After the lecture I approached him and said: ‘well, that was a good lecture generally, but I found it too ‘salafi’ in approach. You should have mentioned that unity aside, we can, and should still cooperate with those we differ with.’ At that point Yasir laughed for labelling his lecture ‘too salafi’, since he didn’t find the ‘salafi’ bit as a compliment, although he did agree with my point and said that he simply didn’t have time to discuss that aspect.

    Well, the irony of the incident aside, the point here is that I was and still am all for cooperation with the entire human race, irrespective of their creed, colour or sex.

    The *only* thing I am concerned about here is the reluctance to call the Ash’aris ‘deviants’ which is resulting in people receiving mixed messages about the whole thing.

  108. Avatar

    ExEx Blogger

    September 20, 2007 at 12:33 AM

    @ Amad:

    Well, I think I’d like to stay with the Lajana Daaimah (permanent committee for fatwaa) which consists of the great kibaar ulama of saudi arabia as opposed to others that “you view” as balanced. Wallahu Alam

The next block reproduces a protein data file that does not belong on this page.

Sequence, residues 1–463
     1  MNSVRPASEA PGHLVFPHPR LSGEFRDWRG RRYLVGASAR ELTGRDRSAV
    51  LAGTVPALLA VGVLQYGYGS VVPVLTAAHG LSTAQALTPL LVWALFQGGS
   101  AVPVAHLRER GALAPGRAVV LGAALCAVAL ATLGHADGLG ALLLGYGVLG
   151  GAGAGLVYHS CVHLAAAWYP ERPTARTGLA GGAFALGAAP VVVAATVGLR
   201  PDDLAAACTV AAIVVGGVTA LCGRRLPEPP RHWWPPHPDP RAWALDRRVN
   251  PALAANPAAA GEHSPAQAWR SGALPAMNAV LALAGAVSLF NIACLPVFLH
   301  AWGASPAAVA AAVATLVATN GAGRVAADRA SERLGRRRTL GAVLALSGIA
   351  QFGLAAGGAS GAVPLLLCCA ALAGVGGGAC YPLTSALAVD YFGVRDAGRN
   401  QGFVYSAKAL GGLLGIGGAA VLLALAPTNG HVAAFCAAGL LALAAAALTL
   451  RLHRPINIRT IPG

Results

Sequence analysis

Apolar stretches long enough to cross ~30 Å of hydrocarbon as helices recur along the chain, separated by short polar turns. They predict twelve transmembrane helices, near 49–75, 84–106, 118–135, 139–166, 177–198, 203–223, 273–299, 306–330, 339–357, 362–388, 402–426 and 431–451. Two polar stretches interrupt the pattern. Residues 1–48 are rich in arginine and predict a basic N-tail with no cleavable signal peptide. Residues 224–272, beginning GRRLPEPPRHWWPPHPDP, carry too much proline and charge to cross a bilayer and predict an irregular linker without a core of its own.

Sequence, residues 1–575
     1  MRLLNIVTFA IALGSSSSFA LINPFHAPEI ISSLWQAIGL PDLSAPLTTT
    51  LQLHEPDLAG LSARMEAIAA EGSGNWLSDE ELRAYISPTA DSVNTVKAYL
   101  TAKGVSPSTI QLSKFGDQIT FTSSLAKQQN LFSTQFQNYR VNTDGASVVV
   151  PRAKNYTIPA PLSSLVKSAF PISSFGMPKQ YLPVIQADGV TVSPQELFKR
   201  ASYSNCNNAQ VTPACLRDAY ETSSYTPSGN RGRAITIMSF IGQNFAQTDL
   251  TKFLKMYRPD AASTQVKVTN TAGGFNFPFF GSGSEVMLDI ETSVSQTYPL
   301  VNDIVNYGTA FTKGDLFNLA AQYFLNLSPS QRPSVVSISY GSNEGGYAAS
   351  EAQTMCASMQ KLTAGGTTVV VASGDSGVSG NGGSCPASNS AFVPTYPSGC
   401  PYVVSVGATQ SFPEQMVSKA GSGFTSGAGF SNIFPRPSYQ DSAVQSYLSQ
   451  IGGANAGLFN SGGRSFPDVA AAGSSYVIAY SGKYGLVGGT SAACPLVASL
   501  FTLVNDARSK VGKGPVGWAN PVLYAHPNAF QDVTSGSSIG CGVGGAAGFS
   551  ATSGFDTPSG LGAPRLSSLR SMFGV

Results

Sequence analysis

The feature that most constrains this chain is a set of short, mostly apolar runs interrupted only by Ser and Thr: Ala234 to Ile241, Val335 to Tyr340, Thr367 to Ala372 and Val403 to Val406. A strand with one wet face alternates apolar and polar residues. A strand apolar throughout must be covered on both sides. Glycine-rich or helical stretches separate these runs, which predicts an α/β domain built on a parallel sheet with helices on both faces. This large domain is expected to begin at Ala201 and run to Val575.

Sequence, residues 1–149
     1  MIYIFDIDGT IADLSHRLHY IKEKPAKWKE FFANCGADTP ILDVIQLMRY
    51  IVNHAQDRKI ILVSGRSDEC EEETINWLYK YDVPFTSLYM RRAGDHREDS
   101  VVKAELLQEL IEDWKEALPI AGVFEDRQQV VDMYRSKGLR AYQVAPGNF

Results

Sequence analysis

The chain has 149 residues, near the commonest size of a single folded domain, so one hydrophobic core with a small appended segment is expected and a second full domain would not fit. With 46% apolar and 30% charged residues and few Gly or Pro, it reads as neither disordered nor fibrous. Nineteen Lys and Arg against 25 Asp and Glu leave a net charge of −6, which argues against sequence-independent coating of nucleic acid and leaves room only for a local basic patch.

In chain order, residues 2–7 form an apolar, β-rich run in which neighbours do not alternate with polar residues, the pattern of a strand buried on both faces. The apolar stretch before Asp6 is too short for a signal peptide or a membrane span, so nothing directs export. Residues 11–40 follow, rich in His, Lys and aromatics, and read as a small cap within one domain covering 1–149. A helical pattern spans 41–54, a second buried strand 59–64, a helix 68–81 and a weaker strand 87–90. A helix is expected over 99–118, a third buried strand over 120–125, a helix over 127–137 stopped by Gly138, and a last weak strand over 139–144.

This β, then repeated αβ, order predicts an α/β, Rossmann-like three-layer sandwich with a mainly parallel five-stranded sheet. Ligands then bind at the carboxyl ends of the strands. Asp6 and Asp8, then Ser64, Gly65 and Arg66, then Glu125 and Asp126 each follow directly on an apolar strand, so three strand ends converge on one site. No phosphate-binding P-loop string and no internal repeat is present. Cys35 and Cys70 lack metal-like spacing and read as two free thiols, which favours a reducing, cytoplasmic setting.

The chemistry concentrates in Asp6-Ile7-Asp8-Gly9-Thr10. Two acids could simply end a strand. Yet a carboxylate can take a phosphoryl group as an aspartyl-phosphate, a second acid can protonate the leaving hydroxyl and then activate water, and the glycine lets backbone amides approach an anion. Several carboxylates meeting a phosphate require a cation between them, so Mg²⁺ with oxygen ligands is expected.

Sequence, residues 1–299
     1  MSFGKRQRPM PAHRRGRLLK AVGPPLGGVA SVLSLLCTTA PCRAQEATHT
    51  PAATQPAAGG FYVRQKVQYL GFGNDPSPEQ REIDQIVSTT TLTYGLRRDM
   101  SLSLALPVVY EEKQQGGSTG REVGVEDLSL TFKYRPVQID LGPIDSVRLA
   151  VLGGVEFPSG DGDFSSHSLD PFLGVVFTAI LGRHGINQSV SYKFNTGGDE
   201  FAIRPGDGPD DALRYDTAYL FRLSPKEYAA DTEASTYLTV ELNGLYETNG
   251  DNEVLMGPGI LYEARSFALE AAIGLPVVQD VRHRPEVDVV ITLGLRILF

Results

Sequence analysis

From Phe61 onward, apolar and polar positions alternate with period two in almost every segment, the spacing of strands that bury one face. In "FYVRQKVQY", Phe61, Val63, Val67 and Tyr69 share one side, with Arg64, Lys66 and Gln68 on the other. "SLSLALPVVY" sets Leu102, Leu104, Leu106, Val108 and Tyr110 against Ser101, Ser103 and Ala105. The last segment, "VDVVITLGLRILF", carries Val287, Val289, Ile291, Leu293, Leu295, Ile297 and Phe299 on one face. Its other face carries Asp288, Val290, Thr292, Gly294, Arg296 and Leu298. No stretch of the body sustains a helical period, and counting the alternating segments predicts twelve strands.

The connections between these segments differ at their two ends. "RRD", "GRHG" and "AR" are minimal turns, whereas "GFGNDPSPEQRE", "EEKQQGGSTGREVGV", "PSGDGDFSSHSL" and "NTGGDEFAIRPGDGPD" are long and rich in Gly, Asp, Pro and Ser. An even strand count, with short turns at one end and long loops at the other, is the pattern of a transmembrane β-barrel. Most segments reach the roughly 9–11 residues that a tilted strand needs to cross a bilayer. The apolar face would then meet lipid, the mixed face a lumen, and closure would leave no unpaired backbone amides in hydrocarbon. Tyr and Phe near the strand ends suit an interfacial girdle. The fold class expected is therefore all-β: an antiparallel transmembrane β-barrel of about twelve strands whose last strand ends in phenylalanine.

109. Amad

    Amad

    September 20, 2007 at 8:10 AM

    salam Sh. Chao… I made it clear that it was the view sent to me by a Shaykh, not from my own personal “ijtihad”.

    As a humble advice, may I suggest that you try hold back on some of your sarcasm, which appears supercilious at times… it does not do justice to the knowledge that Allah has blessed you with.

  110. AbdulHasib

    AbdulHasib

    September 20, 2007 at 10:12 AM

    Ramadan.. wa maa adraka ma Ramadan?

    Ramadan. What will make you know what Ramadan is?

    Taqwa – Qur’an – Fasting.

    Who remembers the hadith of
    Ka’ab Ibn Ujrah (radyAllahu anh)?

    The one who HEARD the Prophet salAllahu ‘alaihee wa sallam saying Ameen to the Du’a of Jibreel ‘alayhissalaam.

    “Destruction to him who found the blessed month of Ramdhan and let it pass by without gaining forgiveness”

    Ya ayyuhal insaanu ma gharaka bi Rubbil Kareem?
    O mankind, what has deceived you concerning your Lord, the Most Generous?

    The big shayateen may be chained. But maybe the many small ones are working hard to deceive us.. socialist shayateen. But who is there to work together to benefit each other in this month?

    Allahul Musta’an..

    WAllahu ‘Alam

  111. Avatar

    ExEx Blogger

    September 20, 2007 at 11:52 AM

    I apologize. I would assume this is the culmination of my frustration towards this Unity Posting.

  112. Avatar

    ExEx Blogger

    September 20, 2007 at 4:52 PM

    @ Amad:

    “and I believe it is the most balanced”

    I’m sorry that I misunderstood you…

  113. Avatar

    al-Harrani

    September 20, 2007 at 6:02 PM

    Dear all,